Competitive solicitations for new electrical generation, which utilities and states use often, tend to favor central generation over distributed generation (both retail and wholesale). Due to their sheer size, central generation projects offer significant economies of scale - meaning they can generate electricity at a lower cost per kilowatt. To determine winning projects, many competitive solicitations consider only the cost of generation. The significant costs of transmitting energy to where it is used are frequently ignored in the solicitation process, even though consumers ultimately pay for all transmission-related investments through regulated energy rates. As a result, central generation renewables excel in competitive solicitations.
Central generation projects were responsible for more than 46% of all new U.S. solar capacity in 2012, as well as the majority of wind capacity installed nationwide.
Wholesale Distributed Generation ('Wholesale DG')
Nestled between central generation and retail DG is wholesale DG. This market segment refers to distributed generation projects that connect to the local distribution grid and sell the electricity they produce to the local utility. The energy produced from wholesale DG projects serves local energy demand, rather than on-site load like retail DG.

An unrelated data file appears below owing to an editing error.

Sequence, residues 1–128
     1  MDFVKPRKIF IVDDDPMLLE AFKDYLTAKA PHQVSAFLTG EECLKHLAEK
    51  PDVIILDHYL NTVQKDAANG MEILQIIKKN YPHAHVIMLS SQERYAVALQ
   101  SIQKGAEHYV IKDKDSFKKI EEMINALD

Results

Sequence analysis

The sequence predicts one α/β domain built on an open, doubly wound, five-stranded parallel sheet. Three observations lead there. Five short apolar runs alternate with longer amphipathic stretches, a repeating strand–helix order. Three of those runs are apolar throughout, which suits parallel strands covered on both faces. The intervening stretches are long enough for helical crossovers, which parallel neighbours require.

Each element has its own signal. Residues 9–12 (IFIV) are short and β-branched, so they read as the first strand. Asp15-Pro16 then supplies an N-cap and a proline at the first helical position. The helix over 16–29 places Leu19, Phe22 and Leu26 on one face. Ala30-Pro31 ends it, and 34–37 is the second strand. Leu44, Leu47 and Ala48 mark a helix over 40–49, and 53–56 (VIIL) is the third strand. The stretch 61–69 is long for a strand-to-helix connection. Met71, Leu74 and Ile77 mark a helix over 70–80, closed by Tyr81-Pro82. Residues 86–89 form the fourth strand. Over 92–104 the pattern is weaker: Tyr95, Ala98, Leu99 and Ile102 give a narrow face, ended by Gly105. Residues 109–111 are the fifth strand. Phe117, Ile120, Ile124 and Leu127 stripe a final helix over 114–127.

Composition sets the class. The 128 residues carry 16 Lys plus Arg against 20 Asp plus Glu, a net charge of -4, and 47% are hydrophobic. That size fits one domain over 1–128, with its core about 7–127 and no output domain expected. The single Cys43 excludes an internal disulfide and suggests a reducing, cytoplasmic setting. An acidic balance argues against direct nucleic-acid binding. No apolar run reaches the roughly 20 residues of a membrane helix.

Wholesale DG projects offer significant benefits for both consumers and utilities. Typically bigger than residential-scale projects, wholesale DG projects can generate electricity more cheaply. Yet, wholesale DG projects are located close to where energy is needed -- avoiding the expensive and inefficient long-distance transmission of energy that is inherent with central generation projects.
CLEAN Programs, which are feed-in tariffs with streamlined interconnection procedures, are the world's most effective policy for bringing wholesale DG online. This policy enables anyone -- individuals, farmers, small business, community organizations, etc. -- to participate in energy generation by making it easier to build renewable projects, connect to the grid, and sell all the energy produced to the local utility.